Snapple Replicates its Iconic Bottle in Plastic— and Keeps the “Pop”
R&D/Leverage designed the preform and blow mold tooling for converting Snapple’s iconic bottle to PET, while keeping the metal lug cap and the “pop” when it’s first opened.
When Dr Pepper Snapple Group (DPS), Plano, Texas, decided it was time to convert its Snapple juice and tea bottle from glass to lightweight, unbreakable plastic, it faced at least two challenges. One was to replicate that iconic bottle shape exactly in stretch-blow molded PET that would have to withstand hot filling and the stresses resulting when it cools and a vacuum forms inside. Second was to create the first PET bottle with a metal lug cap in order to retain the satisfying “pop” that consumers experience when cracking open a vacuum-sealed bottle.
To address those challenges, DPS collaborated with a firm it had partnered with before, R&D/Leverage of Lees Summit, Mo., an injection and blow moldmaker and package designer and engineer. According to Patrick George, senior director of packaging engineering for DPS, “We decided that success would mean that when the bottles were put side by side, we couldn’t tell the difference between glass and plastic.” R&D/Leverage was able to accomplish the “look” that DPS wanted: From the overall shape to the embossed “S” logo, the PET bottle matches the appearance of the familiar glass bottle, but at only 1/15th the weight.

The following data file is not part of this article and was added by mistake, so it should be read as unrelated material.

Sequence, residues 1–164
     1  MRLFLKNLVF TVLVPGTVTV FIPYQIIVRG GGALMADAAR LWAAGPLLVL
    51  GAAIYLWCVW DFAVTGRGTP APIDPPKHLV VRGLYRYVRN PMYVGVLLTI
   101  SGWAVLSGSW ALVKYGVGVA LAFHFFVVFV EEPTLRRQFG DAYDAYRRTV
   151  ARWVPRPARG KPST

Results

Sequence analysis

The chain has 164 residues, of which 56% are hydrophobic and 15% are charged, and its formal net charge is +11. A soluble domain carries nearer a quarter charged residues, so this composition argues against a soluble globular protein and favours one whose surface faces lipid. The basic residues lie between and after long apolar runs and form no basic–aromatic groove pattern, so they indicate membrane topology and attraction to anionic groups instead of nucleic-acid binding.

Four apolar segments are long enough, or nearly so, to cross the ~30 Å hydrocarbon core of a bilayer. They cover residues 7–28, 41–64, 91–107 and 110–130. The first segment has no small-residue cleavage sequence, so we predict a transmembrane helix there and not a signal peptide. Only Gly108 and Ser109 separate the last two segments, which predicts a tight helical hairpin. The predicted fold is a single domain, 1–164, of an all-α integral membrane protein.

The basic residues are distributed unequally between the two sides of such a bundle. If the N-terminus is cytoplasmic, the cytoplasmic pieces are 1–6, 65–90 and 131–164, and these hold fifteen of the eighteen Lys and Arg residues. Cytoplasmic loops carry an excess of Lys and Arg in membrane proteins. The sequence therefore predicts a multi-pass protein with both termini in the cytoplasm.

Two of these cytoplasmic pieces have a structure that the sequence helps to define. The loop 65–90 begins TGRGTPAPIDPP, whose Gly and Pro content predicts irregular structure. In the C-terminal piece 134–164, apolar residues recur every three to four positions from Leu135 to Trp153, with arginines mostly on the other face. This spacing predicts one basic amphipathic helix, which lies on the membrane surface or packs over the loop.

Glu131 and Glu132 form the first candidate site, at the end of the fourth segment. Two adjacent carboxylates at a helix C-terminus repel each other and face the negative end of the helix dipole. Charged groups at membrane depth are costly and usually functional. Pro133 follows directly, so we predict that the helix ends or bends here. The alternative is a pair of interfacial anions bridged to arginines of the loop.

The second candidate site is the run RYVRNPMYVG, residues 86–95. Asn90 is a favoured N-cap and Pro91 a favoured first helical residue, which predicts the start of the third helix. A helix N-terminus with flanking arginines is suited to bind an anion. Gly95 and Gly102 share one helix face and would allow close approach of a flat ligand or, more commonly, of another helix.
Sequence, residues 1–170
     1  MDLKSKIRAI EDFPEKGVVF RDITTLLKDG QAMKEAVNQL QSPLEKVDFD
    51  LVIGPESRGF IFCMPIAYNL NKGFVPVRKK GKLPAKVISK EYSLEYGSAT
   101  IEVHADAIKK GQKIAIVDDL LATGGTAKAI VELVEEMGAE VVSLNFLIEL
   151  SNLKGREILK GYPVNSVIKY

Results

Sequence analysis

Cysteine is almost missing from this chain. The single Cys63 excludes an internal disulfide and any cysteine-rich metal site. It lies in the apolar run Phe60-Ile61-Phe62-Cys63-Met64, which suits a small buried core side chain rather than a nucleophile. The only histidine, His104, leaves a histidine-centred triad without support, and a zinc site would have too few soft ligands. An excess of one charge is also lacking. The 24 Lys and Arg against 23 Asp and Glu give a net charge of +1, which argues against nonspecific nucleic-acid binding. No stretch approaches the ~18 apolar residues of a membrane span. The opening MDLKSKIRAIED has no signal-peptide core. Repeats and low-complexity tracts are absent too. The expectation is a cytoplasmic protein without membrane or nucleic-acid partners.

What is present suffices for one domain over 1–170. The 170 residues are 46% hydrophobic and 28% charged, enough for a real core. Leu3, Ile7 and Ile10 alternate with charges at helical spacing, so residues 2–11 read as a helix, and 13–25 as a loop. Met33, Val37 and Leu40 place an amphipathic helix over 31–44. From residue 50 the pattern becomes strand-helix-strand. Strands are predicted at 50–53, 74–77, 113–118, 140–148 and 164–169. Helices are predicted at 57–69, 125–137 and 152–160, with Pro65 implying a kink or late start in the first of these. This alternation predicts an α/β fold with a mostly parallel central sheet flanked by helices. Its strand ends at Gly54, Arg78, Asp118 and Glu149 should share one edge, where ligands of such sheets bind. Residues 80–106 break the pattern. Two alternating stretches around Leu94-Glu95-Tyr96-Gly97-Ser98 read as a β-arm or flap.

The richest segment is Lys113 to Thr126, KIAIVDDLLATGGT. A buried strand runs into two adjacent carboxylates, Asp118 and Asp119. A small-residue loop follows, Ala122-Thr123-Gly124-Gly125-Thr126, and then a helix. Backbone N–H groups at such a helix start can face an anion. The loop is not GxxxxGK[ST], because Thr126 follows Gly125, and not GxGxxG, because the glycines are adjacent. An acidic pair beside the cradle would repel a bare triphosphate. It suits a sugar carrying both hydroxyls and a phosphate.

Just as essential was getting the vacuum in the cooled bottle after hot filling just right. The challenge lay in generating enough vacuum for the metal lid to safely seal the bottle and provide the “pop,” but not so much that it deformed the PET bottle. Accomplishing all this “was a technical struggle,” says Duncan Hardy, director of sales for R&D/Leverage. One result was a robust, 50-g preform that would give a sturdy, glass-like feel to the resulting bottle. R&D/Leverage is exhibiting at NPE2018 in Orlando this month in Booth S32079. They will have examples of the Snapple bottle on hand.
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